7 Apr 2021 Sankri, India, Indian Sub-continent Carnivores | Communities | Conflict | Mammals
Owing to the current trends of rapidly increasing human infrastructural development across the globe, the wildlife and their crucial habitats are shrinking on an alarming rate. Numerous solutions have been implemented to tackle this problem by a number of scientists, activists/organisations thus far. But one particular solution drives me the most, to find better human-wildlife coexistence, which is, to encourage effective community based conversation models.
By making the community aware about the importance of their surrounding landscape and the wildlife that contributes in keeping the habitat as is. By utilizing their traditional/ancestral knowledge and by assisting them in finding economic stability through small-scale community owned business, we can implant a seed of environment conservation. If these local communities are aware, informed and self-sustained, we can truly achieve wildlife/biodiversity conservation through harmonious coexistence.
With this project we aim to understand the perspective of local communities, living in the high altitudes of Indian Himalayas, towards leopards (locally known as Guldaar, Baghera or Bagh) and the impact of this coexistence. Also, by deducing some of the significant factors which influence the interactions between local communities and leopards, we aim to implement few mitigation controls. Controls, such as, community engagement/awareness activities, implementing predator-deterring techniques, improving/enhancing their livestock herding techniques, and establishing few small-scale/community-owned ventures, etc. will be implemented. Progress of the implemented controls will be monitored through some of the community members, who will be selected and trained throughout the project.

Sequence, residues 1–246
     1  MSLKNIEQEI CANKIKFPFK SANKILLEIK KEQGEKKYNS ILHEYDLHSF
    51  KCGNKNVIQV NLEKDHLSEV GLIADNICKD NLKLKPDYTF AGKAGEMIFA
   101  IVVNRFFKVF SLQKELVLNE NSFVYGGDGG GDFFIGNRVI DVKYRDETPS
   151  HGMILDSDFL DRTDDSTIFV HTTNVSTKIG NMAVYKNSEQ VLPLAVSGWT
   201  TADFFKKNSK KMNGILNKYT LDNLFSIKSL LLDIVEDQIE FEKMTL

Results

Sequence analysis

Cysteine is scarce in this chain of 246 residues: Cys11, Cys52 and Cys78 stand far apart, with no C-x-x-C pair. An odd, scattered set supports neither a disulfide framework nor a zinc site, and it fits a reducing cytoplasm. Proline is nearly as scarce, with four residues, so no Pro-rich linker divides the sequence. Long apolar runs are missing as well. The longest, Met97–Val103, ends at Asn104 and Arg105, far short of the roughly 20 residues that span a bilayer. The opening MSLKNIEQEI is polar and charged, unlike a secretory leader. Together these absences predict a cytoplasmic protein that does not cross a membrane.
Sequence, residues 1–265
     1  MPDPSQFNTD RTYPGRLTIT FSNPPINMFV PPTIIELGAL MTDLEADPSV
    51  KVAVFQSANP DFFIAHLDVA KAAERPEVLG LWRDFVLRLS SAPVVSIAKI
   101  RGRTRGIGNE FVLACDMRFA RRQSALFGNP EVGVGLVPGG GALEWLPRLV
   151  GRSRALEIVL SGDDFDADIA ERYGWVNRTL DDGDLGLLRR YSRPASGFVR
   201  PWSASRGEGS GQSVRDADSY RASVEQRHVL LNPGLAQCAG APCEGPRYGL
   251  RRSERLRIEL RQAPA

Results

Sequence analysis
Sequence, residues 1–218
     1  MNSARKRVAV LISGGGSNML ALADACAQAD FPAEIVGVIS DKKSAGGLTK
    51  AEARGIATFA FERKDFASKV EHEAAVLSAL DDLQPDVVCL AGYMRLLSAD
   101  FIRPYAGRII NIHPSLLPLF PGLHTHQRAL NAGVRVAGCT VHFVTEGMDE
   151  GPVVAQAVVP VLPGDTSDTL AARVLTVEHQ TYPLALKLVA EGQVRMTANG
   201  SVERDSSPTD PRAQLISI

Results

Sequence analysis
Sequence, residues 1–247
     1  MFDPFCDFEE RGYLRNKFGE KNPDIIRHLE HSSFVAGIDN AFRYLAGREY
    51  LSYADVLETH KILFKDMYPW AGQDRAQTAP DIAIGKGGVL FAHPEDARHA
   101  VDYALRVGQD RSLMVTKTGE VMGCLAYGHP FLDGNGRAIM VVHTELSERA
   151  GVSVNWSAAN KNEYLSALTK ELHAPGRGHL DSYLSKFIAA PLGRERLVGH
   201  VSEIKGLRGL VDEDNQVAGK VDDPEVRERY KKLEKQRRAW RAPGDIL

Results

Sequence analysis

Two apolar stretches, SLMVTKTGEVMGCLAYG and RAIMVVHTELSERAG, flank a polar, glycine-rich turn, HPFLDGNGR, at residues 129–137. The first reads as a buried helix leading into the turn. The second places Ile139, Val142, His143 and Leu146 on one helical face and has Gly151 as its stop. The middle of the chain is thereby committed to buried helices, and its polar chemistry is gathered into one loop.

Leopard (Panthera pardus fusca) acts as an alpha predator in these high altitudes Himalayan forests and plays an important role in the maintenance of the endemic ecosystem. But due to the growing human influence, many keystone species, alongside leopards, face the pressure of numerous anthropogenic activities in the protected area. This study will assess the perspective of humans towards wildlife in general and towards leopards in particular through a detailed semi-structured questionnaire survey. By interviewing the local community and by monitoring the surrounding forests using camera traps, we will also know about the human interactions with other sympatric carnivore species such as the Snow leopard (Uncia uncia), Asiatic black bear (Selenarctos thibetanus), Himalayan brown bear (Ursus arctos), Wild pig (Sus scrofa) and the Himalayan wolf (Canis lupus chanco), etc.